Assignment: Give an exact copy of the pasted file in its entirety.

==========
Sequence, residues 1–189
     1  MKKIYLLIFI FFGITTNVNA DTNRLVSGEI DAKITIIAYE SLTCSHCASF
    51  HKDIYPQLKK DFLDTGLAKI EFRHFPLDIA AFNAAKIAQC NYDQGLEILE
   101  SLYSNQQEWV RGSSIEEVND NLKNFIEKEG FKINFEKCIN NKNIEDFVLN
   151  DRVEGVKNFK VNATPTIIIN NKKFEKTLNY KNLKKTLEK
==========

Sequence, residues 1–189
     1  MKKIYLLIFI FFGITTNVNA DTNRLVSGEI DAKITIIAYE SLTCSHCASF
    51  HKDIYPQLKK DFLDTGLAKI EFRHFPLDIA AFNAAKIAQC NYDQGLEILE
   101  SLYSNQQEWV RGSSIEEVND NLKNFIEKEG FKINFEKCIN NKNIEDFVLN
   151  DRVEGVKNFK VNATPTIIIN NKKFEKTLNY KNLKKTLEK